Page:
Concept: Psoriatic arthritis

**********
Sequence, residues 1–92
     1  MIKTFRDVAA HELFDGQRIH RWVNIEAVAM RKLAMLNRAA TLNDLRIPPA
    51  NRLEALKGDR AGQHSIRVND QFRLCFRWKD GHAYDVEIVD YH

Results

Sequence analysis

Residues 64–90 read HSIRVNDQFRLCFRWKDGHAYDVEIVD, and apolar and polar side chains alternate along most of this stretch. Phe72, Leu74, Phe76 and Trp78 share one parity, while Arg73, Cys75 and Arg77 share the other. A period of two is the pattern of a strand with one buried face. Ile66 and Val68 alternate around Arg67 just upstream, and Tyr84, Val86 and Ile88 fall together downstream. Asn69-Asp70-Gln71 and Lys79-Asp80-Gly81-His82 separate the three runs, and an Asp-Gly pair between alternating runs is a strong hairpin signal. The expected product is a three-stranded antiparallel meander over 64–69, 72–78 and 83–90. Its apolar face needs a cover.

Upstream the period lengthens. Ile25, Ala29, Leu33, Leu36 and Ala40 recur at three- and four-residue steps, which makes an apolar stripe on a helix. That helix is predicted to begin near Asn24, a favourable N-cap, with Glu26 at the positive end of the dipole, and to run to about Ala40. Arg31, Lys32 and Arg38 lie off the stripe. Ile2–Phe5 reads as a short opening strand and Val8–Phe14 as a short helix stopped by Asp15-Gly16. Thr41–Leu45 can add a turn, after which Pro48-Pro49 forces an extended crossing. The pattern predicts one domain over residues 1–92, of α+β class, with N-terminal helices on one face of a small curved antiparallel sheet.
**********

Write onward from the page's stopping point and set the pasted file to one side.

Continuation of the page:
OBJECTIVE: To investigate whether biologic-free remission can be achieved in patients with early, active axial spondyloarthritis (SpA) who were in partial remission after 28 weeks of infliximab (IFX)+naproxen (NPX) or placebo (PBO)+NPX treatment and whether treatment with NPX was superior to no treatment to maintain disease control. METHOD: Infliximab as First-Line Therapy in Patients with Early Active Axial Spondyloarthritis Trial (INFAST) Part 1 was a double-blind, randomised, controlled trial in biologic-naïve patients with early, active, moderate-to-severe axial SpA treated with either IFX 5 mg/kg+NPX 1000 mg/d or PBO+NPX 1000 mg/d for 28 weeks. Patients achieving Assessment of SpondyloArthritis international Society (ASAS) partial remission at week 28 continued to Part 2 and were randomised (1:1) to NPX or no treatment until week 52. Treatment group differences in ASAS partial remission and other efficacy variables were assessed through week 52 with Fisher exact tests. RESULTS: At week 52, similar percentages of patients in the NPX group (47.5%, 19/40) and the no-treatment group (40.0%, 16/40) maintained partial remission, p=0.65. Median duration of partial remission was 23 weeks in the NPX group and 12.6 weeks in the no-treatment group (p=0.38). Mean Bath Ankylosing Spondylitis Disease Activity Index scores were low at week 28, the start of follow-up treatment (NPX, 0.7; no treatment, 0.6), and remained low at week 52 (NPX, 1.2; no treatment, 1.7). CONCLUSIONS: In axial SpA patients who reached partial remission after treatment with either IFX+NPX or NPX alone, disease activity remained low, and about half of patients remained in remission during 6 months in which NPX was continued or all treatments were stopped.